Solidago canadensis Linnaeus
Canada goldenrod
Family: Asteraceae (formerly Compositae)

secund heads

Solidago candensis is the most common and abundant goldenrod species in Wisconsin. Stems are often 3 to 4 feet tall with a roughly pyrimidal shaped inflorescence at the tip, comprised of numerous small, yellow flower heads. Each head is made up of several small yellow flowers surrounded by a series of overlapping bracts (called phyllaries, the phyllaries collectively known as an involucre). The heads tend to be twisted such that they all or mostly appear to arise from the top side of the lateral branches of the inflorescence, the flower heads therefore said to be "secund".

Leaves are tapering to base and tip with three prominent veins running nearly parallel from near the base. Stems are pubescent below the inflorescence, though some varieties may be glabrous near the base of the stem. Some authors have split what is here called S. canadensis and recognized another species S. altissima, based primarily on length of the involucre and flowers.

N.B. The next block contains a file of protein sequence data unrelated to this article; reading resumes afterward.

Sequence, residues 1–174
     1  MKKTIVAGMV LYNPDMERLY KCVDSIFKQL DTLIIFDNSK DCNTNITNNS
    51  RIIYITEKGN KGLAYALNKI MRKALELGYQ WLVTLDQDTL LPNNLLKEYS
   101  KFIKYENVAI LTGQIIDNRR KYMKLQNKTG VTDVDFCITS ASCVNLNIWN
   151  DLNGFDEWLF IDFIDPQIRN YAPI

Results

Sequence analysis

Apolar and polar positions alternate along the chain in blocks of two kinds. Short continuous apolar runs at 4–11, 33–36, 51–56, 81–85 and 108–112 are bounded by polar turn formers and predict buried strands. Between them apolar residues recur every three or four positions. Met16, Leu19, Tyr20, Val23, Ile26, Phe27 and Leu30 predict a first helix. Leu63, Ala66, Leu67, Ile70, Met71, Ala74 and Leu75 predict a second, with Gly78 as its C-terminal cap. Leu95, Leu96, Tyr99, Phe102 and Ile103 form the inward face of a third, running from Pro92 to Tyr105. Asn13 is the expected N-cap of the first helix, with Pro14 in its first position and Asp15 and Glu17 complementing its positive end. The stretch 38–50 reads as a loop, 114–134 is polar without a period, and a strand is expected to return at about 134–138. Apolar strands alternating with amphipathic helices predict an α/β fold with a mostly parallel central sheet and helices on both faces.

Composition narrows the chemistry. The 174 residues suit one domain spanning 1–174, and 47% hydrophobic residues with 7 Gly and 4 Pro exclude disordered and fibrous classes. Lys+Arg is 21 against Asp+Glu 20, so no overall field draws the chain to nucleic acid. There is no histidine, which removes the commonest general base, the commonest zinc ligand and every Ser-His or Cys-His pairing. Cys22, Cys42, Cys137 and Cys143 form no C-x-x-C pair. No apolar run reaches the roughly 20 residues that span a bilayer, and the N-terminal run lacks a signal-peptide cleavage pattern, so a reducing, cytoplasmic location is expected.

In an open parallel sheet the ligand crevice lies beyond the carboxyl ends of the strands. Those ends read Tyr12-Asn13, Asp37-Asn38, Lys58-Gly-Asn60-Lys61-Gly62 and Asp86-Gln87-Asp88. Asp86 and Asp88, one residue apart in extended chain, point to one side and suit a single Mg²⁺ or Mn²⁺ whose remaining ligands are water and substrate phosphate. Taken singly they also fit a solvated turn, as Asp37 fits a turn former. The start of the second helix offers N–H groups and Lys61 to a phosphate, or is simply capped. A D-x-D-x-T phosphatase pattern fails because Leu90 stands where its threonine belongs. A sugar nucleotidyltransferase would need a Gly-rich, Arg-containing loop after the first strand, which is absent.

This species forms large clones by strongly spreading rhizomes beneath the soil surface and may be extremely abundant in old fields, rights-of-way of roads and other sunny upland sites. When making an identification it is important to remember that the inflorescence shape can be severely modified in any individual stem if the stem tip is damaged during growth, as may be the case if the stem is browsed by an animal or otherwise cut or broken off as the plant is developing. I have known beginners to identify 6 or 7 species where only one was present, based on a too liberal dependence on matching deviant inflorescences to photographs in a wildflower book. It is best to recognize the clonal nature of these plants and to consider the typical inflorescence shape of the population.

known Wisconsin distribution based on vouchers

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